All eyes are on President Benigno Simeon “Noynoy” C. Aquino III as he goes before Congress on Monday at the Batasang Pambansa in Quezon City for his first State-of-the-Nation Address (SoNA) to set the tone and priorities of his leadership for the coming year.
In a “straightforward address” that will be delivered mostly in Filipino, the President is expected to inform the people he considers “his boss” about the state of the nation, including an inventory of problems inherited from the past government and his solutions to “fix the mess.”
The address is expected to make some grim assessments, including the extent of the government’s negative financial position.
The President is also expected to outline his priorities for the country, particularly efforts to stave off a runaway deficit, combat corruption, and reduce poverty in the country.
“We have to ascertain what the problems are. Therefore, these problems will point to certain solutions that would be best to solve all of these problems that we’ve already identified,” the President told reporters recently when asked about preparations for his SONA.
“If you misidentify the problem you are guaranteed to not come up with the correct solution and you will exacerbate the problem,” he added.
Mr. Aquino admitted that the problems inherited from the Arroyo government have left him “gasping for breath at what has been done.”
One of the anomalies uncovered by the Aquino leadership is the depletion of the P1.54-trillion national budget for 2010 to only around P100 billion.
“In the reverse side of that, we are very, very hopeful of the developments with regard to fulfilling the wants and needs of our state without more pressure on the GAA (General Appropriations Act),” he said.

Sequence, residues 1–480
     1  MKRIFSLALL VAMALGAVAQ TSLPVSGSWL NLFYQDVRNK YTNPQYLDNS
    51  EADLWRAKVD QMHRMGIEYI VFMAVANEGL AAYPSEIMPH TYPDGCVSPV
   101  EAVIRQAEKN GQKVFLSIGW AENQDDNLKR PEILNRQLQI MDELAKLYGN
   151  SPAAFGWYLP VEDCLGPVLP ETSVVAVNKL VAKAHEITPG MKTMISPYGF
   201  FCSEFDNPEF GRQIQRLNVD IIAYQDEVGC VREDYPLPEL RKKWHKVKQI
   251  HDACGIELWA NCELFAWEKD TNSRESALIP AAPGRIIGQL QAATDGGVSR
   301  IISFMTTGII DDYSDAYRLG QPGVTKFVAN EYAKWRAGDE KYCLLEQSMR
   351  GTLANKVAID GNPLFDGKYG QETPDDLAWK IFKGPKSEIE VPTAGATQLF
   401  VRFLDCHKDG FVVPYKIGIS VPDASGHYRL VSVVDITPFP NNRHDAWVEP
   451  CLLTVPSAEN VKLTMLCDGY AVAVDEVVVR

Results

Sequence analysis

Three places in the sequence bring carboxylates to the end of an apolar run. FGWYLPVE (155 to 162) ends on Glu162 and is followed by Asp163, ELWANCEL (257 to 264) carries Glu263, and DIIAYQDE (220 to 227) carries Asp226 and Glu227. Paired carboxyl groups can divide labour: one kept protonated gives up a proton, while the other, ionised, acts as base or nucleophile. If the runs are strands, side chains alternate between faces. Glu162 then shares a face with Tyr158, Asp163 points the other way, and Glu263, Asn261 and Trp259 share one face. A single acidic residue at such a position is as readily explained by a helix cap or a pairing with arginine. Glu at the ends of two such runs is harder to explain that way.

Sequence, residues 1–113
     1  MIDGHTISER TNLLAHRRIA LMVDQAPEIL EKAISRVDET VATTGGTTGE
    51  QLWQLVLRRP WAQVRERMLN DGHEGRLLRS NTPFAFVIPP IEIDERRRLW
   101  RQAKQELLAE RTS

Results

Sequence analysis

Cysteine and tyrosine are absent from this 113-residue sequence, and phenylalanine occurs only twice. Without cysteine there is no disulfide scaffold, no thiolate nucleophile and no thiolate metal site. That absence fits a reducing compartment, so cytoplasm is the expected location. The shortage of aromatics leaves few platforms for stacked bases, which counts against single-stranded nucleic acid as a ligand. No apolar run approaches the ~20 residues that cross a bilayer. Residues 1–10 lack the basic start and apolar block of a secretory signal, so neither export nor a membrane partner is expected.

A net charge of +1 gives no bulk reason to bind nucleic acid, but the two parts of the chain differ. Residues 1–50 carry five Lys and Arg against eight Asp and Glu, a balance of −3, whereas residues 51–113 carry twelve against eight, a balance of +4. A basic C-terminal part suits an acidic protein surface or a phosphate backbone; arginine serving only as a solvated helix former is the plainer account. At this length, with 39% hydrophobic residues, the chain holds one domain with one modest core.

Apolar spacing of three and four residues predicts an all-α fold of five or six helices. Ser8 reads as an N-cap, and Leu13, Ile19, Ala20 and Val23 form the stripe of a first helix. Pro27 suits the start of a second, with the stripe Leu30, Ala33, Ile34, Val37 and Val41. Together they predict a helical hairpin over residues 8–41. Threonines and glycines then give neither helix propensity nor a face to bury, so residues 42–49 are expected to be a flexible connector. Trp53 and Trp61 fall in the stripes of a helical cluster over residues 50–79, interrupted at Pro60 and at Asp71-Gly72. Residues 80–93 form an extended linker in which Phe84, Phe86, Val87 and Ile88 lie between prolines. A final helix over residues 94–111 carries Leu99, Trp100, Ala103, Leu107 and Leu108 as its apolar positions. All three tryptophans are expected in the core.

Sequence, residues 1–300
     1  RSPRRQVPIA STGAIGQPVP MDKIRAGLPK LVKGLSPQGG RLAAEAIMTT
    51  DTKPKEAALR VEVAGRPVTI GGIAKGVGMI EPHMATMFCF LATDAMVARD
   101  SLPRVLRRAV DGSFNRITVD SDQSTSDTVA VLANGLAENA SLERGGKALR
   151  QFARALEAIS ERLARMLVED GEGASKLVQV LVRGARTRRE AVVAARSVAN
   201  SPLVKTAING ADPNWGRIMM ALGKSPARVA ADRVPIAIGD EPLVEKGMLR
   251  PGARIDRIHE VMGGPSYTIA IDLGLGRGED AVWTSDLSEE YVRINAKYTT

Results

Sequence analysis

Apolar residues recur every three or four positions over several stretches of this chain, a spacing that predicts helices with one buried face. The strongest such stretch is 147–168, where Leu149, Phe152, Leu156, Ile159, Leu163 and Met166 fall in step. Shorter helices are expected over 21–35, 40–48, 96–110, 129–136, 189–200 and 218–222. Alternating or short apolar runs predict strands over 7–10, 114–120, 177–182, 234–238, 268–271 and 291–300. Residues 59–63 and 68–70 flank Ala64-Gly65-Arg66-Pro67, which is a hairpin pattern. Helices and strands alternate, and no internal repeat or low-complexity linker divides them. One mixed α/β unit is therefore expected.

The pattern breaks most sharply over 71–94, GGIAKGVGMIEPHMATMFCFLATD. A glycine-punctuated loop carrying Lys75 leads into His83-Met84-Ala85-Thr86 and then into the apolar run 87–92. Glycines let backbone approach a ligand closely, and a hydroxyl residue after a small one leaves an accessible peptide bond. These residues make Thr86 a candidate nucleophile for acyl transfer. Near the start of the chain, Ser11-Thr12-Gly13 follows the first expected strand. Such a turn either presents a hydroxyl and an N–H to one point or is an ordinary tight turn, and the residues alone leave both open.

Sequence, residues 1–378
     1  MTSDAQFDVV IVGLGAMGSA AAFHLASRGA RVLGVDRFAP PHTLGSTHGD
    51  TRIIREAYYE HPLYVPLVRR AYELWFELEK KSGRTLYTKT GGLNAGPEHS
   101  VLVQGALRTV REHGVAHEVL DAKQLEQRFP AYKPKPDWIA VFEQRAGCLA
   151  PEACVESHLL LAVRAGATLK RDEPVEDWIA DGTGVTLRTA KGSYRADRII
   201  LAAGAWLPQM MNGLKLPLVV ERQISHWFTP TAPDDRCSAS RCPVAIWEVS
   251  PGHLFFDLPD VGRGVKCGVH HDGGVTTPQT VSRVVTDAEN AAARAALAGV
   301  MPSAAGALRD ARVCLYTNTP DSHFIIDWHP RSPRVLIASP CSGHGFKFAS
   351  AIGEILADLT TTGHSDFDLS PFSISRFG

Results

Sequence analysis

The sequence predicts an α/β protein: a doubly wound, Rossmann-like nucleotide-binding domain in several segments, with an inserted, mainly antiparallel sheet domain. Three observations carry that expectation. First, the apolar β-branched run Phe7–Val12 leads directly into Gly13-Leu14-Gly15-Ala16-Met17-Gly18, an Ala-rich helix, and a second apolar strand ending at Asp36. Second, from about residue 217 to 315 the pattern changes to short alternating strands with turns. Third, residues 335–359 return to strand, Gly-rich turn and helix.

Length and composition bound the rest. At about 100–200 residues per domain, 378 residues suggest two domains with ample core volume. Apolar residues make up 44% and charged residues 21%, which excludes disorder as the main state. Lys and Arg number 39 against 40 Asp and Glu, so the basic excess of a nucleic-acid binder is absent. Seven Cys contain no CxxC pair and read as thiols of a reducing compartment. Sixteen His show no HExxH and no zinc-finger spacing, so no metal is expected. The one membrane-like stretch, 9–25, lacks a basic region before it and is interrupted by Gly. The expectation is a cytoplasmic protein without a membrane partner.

“In terms of gaining knowledge, Monday’s SONA will really shed the truth on so many things,” said the President, who continues to hold the confidence of most Filipinos based on recent opinion polls.
“The questionable transactions and expenses were really without rhyme or reason. But the burden is now on us to fix this mess,” Mr. Aquino added.
In the past few days, the President has been working until late hours to complete his SoNA with a team of speechwriters, mostly from the Communications Group.
The President’s SoNA, which will likely be conversational similar to his inaugural address, will be 30 to 35 minutes long, said Presidential Spokesman Edwin Lacierda.
It will be bereft of gimmicks as the President will be frank about the “realities” facing the nation.
“We gave President Aquino the draft last night (Saturday), and I’m very sure he will go through it again and by today (Sunday), he will have finalized his State- of- the- Nation Address,” Lacierda, one of the co-writers of the SONA, said.
He said the President’s SONA will be “memorable and fighting speech” like his inaugural address last June 30 where he claimed the people is his boss. “It will be a realistic speech. It will speak of the truth. It will spell out his programs, his doable solutions. It will also spell out some of the ills of the (past) administration,” he said.
The supposed misdeeds of the past administration would comprise only “less than a third” of the SONA, according to Lacierda. He said the President will state the “realities” inherited from the Arroyo administration and “then move on to his solutions, move to the budget, and move on to the other things that he believes will wipe out corruption and alleviate poverty.”